Here we collaborate on future discover facts that are featured on the Main Page (and on the Discover page).
- Keep it short and snappy: no more than twenty words, please.
- [[Link]] any place names.
- '''Boldface''' the fact of interest.
- The articles don't need to be perfect, but preference should be given to those with a status of "usable" or higher.
- The article linked to must contain the fact in question.
- Relevant images are optional but welcome, ideally once for every three facts. They should be placed above the fact in question, with the following formatting:
[[Image:imagename|right|100px|description]] The interesting fact linked to this image goes here.
- Updates are handled by a template found here. The box is updated daily and each Discover entry is displayed for three days.
- If the box above is empty, it means that it has ran out of entries. If this happens you can add new entries from the nominations below.
- If you are unsure about how it works, feel free to try out things in the Discover sandbox first.
- Old Discoveries should not just be deleted but archived on the Discover page.
Add your entries to the end of this list. Do not leave any space or other commentary between entries. However, feel free to rearrange the list, because geographic variety in what's displayed is good (e.g. if the next three items are all from Asia, it's good to intersperse something from Africa, Europe or the Americas).
- Jeongdongjin station in Gangwon is the world's closest train station to the ocean.
- Benin is the birthplace of Vodun (Voodoo) and to this day Vodun remains the official religion of the country.
- Þingvellir National Park (pictured) was home to the world's longest running Parliament.
- Jaén is said to be the largest olive producing area in the world, producing 10% of the worlds olives.
- There are no traffic lights in Mombasa and the traffic will likely appear chaotic to a westerner.
- On Saint Helena you can visit the Longwood House (pictured) where Napoleon died during his exile.
- A special memory from Samoa is a traditional tattoo.
- Gatwick Airport is the world's busiest single runway airport.
- Lake Assal (pictured) in Djibouti is the lowest point in Africa and the saltiest lake outside Antarctica.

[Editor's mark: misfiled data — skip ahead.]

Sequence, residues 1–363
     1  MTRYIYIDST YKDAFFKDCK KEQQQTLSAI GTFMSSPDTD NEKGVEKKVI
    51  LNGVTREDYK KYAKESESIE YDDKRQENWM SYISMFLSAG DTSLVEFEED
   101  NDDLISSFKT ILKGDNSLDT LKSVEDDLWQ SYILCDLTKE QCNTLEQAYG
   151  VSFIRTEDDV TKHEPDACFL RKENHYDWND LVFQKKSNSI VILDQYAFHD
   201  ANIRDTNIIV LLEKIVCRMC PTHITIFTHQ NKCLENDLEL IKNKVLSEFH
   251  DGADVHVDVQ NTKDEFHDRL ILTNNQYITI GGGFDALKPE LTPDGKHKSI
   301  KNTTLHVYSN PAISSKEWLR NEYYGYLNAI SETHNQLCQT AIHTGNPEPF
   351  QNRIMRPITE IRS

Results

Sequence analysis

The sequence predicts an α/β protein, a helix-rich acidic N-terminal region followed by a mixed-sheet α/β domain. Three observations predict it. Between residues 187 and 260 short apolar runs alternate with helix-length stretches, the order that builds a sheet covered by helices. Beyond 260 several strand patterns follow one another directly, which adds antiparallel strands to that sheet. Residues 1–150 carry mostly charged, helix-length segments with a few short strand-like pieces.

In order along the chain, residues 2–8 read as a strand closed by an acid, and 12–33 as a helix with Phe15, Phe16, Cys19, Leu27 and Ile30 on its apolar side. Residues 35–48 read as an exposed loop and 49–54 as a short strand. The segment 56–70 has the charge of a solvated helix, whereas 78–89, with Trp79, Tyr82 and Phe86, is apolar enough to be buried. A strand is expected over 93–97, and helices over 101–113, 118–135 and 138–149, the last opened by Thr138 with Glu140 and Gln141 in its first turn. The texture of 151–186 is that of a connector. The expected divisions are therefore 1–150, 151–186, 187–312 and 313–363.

- Randengfo pagoda is the oldest and tallest pagoda in Beijing
- The Magic Mountain theme park features 18 roller coasters, a world record.
- Over 500 years old, the city of Tokyo was once a modest fishing village named Edo (江戸).
- In Adelaide you can ride one of the historic trams from the CBD to the historic beachside (pictured) suburb of Glenelg.
- Rental houseboats are a good (if expensive) way of exploring the expanse of Shuswap Lake.
- Valletta was named after its founder, the Grandmaster Jean Parisot de la Valette.
- In Colombo, getting around by Tri-shaw (pictured) is most convenient.
- Manchester is the site of the world's oldest surviving passenger railway station.
- Matanzas is known as the City of Bridges for its many bridges on the city's three rivers.
- The ceiling of Basilica de Nuestra Señora de Pilar (pictured) in Zaragoza features works by several Spanish famous painters.
- In Barnaul you can visit the Museum of Time.
- Pyongyang boasts the world’s largest Arch of Triumph.
- Malaysia is regarded as a mix of the modern world and a developing nation (Petronas towers pictured).
- As the story goes, Bethlehem (Pennsylvania) was founded on Christmas Eve and named after Jesus’ birth town mentioned in Christmas carols.
- Shengo Hall in Addis Ababa is the world’s largest building that was pre-fabricated elsewhere than where it now stands.
- An attraction around Waitomo are caves that are lit up (pictured) by glowworms.
- In Tortola and elsewhere on the British Virgin Islands, hallucinogenic mushrooms are legal.
- Tipping can be perceived as an insult in certain countries.
- An iconic Maldivian accommodation is the overwater bungalow (pictured), built on stilts directly above a lagoon.
- Weimar is regarded as one of the most historically important cities in Germany.
- Halmstad is known as the "golf capital" of Sweden with 12 beautiful courses.
- Jackson Square (pictured) is the historic heart of the French Quarter of New Orleans.
- The average year-round temperature of Baku matches the average temperature of the landmass of Earth to within a tenth of degree.
- Due to the prevalence of waterways in its geography, Recife is known as Veneza Brasileira — the Brazilian Venice.
- One major attraction of Kish Island is the Greek ship (pictured) that rests on one of its shores.
- Walvis Bay is the only commercial port of Namibia.
- Kristiansand in southern Norway bears the nickname "the coolest riviera".
- Tipaza is one of Algeria’s most popular destinations thanks to its world heritage listed Roman ruins (pictured).
- When driving in the UK, be aware that side roads never have priority, overtaking on the left (so called undertaking) is illegal, and you may not turn left over a red light.
- Managua, the capital of Nicaragua has a cathedral that cannot be entered due to fear of it collapsing, since it was damaged in a 1972 earthquake.
- The old town of Dresden that was almost entirely destroyed in the second world war is now almost completely rebuilt in the original style
- Driving a car or even bicycle on the island of Heligoland (bird's eye view pictured) is prohibited by federal law
The articles linked in from the entries below need to be improved before they're ready to go. Plunge forward, edit them, and move to the main queue. If you move trivia to this list, please provide a reason for doing so.
The following calendar-related items are "ready-to-go" criteria-wise and should be moved to the main queue at a date appropriate to the trivia featured: